Philip Glass performing his score for Dracula with Kronos Quartet, conducted by Michael Riesman (Didier Dorval)
The recently renovated Spanish gothic movie palace at the Ace Hotel hosted a re-imagining of music for the 1931 Universal monster classic Dracula. The iconic film, based on Bram Stoker’s horror novel of the same name, was one of the first talkies when limited sound tech existed and no real score was ever made for it.
Commissioned by Universal in 1998 for the film’s re-release, legendary composer Philip Glass wrote a score as compelling and seductive as Dracula himself. And this Halloween weekend, the Los Angeles Opera creates an experience like no other at the Theater at Ace Hotel.
What a cathedral to screen and the advent of vampire films – the architecture upon entering made you feel as if you were entering the home of the Count. Really, at so many points you would half wonder if he might appear coming down the grand stairs in the lobby.
The black-and-white film projected on a screen where you could see Glass and Kronos Quartet down center in moments where darkness enveloped the screen. Never intrusive, the juxtaposition was gorgeous and added to the sense that this music was a character in and of itself, adding more depth to the horror classic and giving the monster more to feed off of. Every single composition was utterly captivating and gave every character’s presence a fuller meaning.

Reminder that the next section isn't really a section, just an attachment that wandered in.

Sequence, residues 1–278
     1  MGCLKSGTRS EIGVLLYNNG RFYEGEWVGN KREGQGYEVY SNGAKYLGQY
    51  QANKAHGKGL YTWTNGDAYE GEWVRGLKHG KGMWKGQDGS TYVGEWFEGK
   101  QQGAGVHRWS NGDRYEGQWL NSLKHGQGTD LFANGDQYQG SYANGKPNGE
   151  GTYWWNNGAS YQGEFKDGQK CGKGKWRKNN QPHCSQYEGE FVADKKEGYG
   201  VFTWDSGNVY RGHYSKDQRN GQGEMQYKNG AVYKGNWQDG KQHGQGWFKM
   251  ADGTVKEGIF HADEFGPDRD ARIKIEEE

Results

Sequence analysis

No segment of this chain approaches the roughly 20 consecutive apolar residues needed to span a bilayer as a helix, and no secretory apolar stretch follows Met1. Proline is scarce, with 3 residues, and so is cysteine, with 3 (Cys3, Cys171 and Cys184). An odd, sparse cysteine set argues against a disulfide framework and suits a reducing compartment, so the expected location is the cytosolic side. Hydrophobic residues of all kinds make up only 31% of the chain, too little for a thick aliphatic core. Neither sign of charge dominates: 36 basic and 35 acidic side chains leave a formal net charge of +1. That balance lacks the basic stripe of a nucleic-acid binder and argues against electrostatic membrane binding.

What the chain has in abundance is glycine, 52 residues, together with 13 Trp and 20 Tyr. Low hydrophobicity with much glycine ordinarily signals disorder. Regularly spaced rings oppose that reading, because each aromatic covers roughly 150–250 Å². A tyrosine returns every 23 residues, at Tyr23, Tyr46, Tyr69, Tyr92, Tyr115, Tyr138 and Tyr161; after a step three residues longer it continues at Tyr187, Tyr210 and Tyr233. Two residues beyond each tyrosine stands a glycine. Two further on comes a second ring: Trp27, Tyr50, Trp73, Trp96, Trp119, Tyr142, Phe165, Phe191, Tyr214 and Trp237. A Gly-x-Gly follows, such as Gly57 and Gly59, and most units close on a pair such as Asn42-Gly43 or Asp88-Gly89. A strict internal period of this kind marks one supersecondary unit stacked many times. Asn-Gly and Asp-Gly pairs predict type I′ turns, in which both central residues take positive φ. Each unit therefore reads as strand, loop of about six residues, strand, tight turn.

The Dracula theme, which can really be described as a series of strings that embody the ominous threat that kicks up whenever Bela Lugosi enters the room, raises the stakes. Only further enhanced by the red stage lighting that would fill up the room to put you in a sense of unease and danger. You’re cleverly given hints that this entrancing man is less man and more animal while the characters themselves begin to discover it.
There is something to be said about Lugosi’s presence, the aura that just seeps through even today. Just sitting there in the elegant gothic theater, the star’s malevolent glare only built upon Glass’ incredible score that showed you that Dracula is still the king of the monsters.
Truly a treat for film lovers and horror fiends, Philip Glass and Kronos Quartet are not to be missed in this unique experience of one of the greatest films ever made.
Dracula will be performed Oct. 31 at 4 p.m. and 8 p.m. at the Theater at Ace Hotel (929 S. Broadway, Los Angeles). For more information, visit laopera.org/season/1516-Season-at-a-Glance/Dracula/.